DecentralisedBlockchains are trustless, meaning all cryptocurrency transactions must be verified by a majority of network participants. Most cryptocurrencies are, therefore, not run by a central point of control, like fiat currencies.
TransparentIt is possible to view and trace all historic cryptocurrency transactions on a blockchain, making them fully accessible and auditable.

Tip: Although it is possible to view all historic transactions on a blockchain, they are anonymised. This makes it impossible to trace specific transactions back to the sender or receiver.

Is Blockchain Safe?

No technology is ever fully secure. However, a blockchain has the potential to be safer than traditional networks. Every block has a unique address and a link to the previous block in the chain, making them easily traceable and hard to tamper with. There are several other key aspects of blockchain technology that make it so secure:

  • Immutable (unchangeable): Once data blocks have been added to the database, they cannot be changed. This means that malicious users, or hackers, cannot amend data for their own financial benefit.
  • Consensus: Because transactions are verified according to the blockchain’s consensus mechanism, fraudulent transactions are easily avoided.
  • Encryption: The blockchain is secured using financial-grade, public key encryption, making access incredibly difficult.

A blockchain is a digital record of transactions or data. This data cannot be altered and is stored in multiple places on a computer network.

A blockchain is a digital record of transactions or data

Final Thoughts

Understanding blockchain is an important part of learning about cryptocurrencies and other cryptoassets. Although complicated, it’s clear what benefit blockchain technology has and will continue to have. Whether you’re interested in protecting your data, removing control from traditional banking institutions or increasing financial transparency, blockchain has the potential to change the way we store, record and utilise data in the future.

To learn more about blockchain technology and cryptocurrencies, including our Bitcoin Halving Course, visit the eToro Academy.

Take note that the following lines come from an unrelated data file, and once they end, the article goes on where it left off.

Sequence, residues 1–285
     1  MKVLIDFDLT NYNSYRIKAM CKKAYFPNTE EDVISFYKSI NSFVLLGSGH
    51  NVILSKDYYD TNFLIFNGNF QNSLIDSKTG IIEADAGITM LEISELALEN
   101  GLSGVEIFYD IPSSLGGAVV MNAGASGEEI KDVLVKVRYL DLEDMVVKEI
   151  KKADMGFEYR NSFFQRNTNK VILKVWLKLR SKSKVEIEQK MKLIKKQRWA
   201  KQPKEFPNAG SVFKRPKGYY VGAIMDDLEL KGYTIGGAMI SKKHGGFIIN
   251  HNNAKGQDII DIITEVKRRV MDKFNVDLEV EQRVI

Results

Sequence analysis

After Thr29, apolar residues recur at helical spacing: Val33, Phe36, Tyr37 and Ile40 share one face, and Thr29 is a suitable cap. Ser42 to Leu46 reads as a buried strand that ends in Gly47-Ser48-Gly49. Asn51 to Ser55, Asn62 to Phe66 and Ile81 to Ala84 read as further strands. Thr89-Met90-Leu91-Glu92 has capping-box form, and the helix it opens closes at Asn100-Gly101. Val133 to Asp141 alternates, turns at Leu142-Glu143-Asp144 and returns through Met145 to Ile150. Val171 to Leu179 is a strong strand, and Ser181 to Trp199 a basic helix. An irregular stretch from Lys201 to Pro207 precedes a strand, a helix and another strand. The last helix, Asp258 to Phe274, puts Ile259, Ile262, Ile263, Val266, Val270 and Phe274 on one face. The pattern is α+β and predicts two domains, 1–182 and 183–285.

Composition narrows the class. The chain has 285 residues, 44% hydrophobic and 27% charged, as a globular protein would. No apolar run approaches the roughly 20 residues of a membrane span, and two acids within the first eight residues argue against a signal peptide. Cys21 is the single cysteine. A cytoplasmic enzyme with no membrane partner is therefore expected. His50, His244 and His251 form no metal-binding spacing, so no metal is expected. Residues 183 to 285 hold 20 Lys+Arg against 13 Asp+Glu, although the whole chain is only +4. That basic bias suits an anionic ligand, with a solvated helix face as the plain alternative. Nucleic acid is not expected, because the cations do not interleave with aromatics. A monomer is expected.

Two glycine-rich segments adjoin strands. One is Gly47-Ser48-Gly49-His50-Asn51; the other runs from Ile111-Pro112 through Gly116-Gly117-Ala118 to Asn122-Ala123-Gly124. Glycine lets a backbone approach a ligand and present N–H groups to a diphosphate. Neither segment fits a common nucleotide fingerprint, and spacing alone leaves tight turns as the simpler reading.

Quiz

What is a node?
A ‘block’ of data stored on a blockchain
A device that participates in a blockchain network to validate transactions
A consensus mechanism similar to Proof of Work (PoW)
 

FAQs

How is blockchain used?

Blockchain technology allows a network of participants to share data without fear of it being tampered with or altered. Primarily, blockchains are used to store data from monetary transactions, but it does have other potential uses.

Blockchain can be integrated with banks to speed up transaction processing times. It can store healthcare and property records securely, track and authenticate the origins of food products, and has the potential to facilitate a tamper-proof voting system.

Who invented blockchain?

Blockchain technology was first conceptualised in 1990 by Stuart Haber and Scott Stornetta. The pair wanted to solve the problem of digital document authentication, and wrote a paper called: “How to Timestamp a Digital Document,” demonstrating how a timestamp verification system would work. This process was expanded upon in 2009 in the Bitcoin whitepaper: “Bitcoin — A Peer to Peer Electronic Cash System,” written by Satoshi Nakamoto.

What is decentralised finance?

Decentralised finance, frequently referred to as DeFi, describes the shift away from traditional financial systems. DeFi is enabled by decentralised technologies, such as blockchain, and aims to create a universally accessible economy that is owned and operated by the public, rather than financial institutions.

This information is for educational purposes only and should not be taken as investment advice, personal recommendation, or an offer of, or solicitation to, buy or sell any financial instruments. This material has been prepared without regard to any particular investment objectives or financial situation and has not been prepared in accordance with the legal and regulatory requirements to promote independent research. Any references to past performance of a financial instrument, index or a packaged investment product are not, and should not be taken as a reliable indicator of future results. eToro makes no representation and assumes no liability as to the accuracy or completeness of the content of this guide. Make sure you understand the risks involved in trading before committing any capital. Never risk more than you are prepared to lose.